August 26th, 2003


Further exploits in the Bitchun Society...

Woke up this morning to find Salon is featuring "Truncat", a new short story by Cory Doctorow. It takes place at a later time in the same future society that Cory used in "Down & Out in the Magic Kingdom", where people fileshare other people's lives.

I am kind of surprised he didn't develop more on some of the obvious ramifications, such as the highly illegal nature of such filesharing. What happens when secrets are passed around that people don't want revealed? Can the files be tampered with? Will the RIAA go after you for sharing all the songs in your head? ;->

A chance to say some kind words about BBC Online..

BBC Online, the BBC's website, which recently announced that it plans to make *all* of its broadcasts freely available online in the future, is currently under review, but the BBC faces a wide variety of enemies. Politically influential commercial broadcasters want the BBC's budget cut and want to force them to sell off their best shows. Representatives from the Tory party want to shut their website down entirely. And the Blair Government views the BBC as the enemy right now, because they reported David Kelly's claims of the government having "sexed up" the case for a war on Iraq.

It seems particularly sad to see that the BBC might be gutted in the name of American-style free market capitalism. The idea that *everything* functions better under a free market is dangerous, doctrinal, dehumanizing, and ultimately dead wrong. Have no doubt, Britain would be significantly worse off without the BBC, as would we all.

By archiving their broadcasts, BBC Online is spending a relatively small amount of money to create an archive of culture, entertainment, education, and knowledge that will be a modern-day Library of Alexandria -- a fountain of knowledge, available to everyone. This great accomplishment will be brought about for less than the price of some US military aircraft, and is something we all should support.

You can help support the BBC Online by sending an email to, telling them that you appreciate and support the BBC website. Public comments can be submitted from anywhere in the world and will be allowed through November 17th.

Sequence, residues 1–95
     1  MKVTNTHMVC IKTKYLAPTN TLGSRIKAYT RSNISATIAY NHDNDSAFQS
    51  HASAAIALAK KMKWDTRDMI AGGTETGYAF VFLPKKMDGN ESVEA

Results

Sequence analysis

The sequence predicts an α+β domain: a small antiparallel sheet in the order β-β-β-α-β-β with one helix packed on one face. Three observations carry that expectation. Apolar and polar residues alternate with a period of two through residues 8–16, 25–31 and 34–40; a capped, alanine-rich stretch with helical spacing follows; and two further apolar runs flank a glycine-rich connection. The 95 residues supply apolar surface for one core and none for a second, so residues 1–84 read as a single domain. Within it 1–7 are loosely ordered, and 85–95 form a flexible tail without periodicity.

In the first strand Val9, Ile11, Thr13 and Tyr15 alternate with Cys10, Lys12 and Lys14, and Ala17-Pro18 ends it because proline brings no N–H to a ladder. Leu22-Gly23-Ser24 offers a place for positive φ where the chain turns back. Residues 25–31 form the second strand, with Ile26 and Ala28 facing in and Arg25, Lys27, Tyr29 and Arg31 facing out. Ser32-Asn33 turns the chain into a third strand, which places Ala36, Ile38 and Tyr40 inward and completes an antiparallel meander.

Another great weblog from Iraq.

This one from an anonymous female who goes by the name of Riverbend.

Riverbend is a 24 year old computer programmer. Like over 65% of Iraq, she is also unemployed. When working at her former employer during the days of Saddam, she'd come in to work in jeans and a T-shirt, but now that Saddam isn't there to surpress the religious extremists, not only is she no longer welcome at her former employer, she can't even go out in public without bodyguards to keep her from getting beaten or raped.

She may be unemployed, but fortunately she's a talented writer who does a great job at ripping into the absolutely screwed up nature of modern Iraq. Really, though, I have to wonder why she stays. No one in the Bush administration ever said that womens rights in Iraq would slip backwards 50 years, but do you think that the US will act against the self-appointed morality police who are roaming the street, firebombing stores that sell alcohol and attacking unescorted women? I don't think so. If anyone ever cracks down on the "non-violent" (i.e. not attacking our troops yet) fundamentalists, it will be the next Iraqi government, and it will be after the US leave. And it will probably lead to a bloodbath.

Bush says that he'll never retreat over Iraq... which means he'll need to manufacture some sort of "transfer of power" so that he can send the troops home before it costs him the presidency. Maybe he'll fob Iraq off on the UN, but will they be stupid enough to take it without demanding more say as to what goes on? Doubtful.

So, who will control Iraq in the longterm?! A weak, pro-US Iraqi coalition government, possibly backed up by the UN... or the fundamentalists? Place your bets now, and be sure to get a seat a few rows back unless you want to be splattered by the gore.

Apparently, we're fighting the war on terrorism in Iraq in order to avoid terrorism at home. Doesn't that sound a lot like fighting the war on communism in Vietnam? So, why is it that when Vietnam fell, the domino theory didn't come true? Why aren't the communists on our doorsteps?! Could it be that we weren't really fighting "the international communist conspiracy", but were fighting the Vietnamese people instead?

One wonders what that says about Iraq.